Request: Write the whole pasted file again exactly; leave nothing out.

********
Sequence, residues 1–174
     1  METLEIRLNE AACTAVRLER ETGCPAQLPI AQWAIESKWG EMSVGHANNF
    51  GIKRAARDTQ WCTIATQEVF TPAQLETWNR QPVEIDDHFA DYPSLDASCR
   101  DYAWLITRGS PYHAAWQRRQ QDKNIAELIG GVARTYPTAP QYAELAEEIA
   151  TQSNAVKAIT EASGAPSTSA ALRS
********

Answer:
Sequence, residues 1–174
     1  METLEIRLNE AACTAVRLER ETGCPAQLPI AQWAIESKWG EMSVGHANNF
    51  GIKRAARDTQ WCTIATQEVF TPAQLETWNR QPVEIDDHFA DYPSLDASCR
   101  DYAWLITRGS PYHAAWQRRQ QDKNIAELIG GVARTYPTAP QYAELAEEIA
   151  TQSNAVKAIT EASGAPSTSA ALRS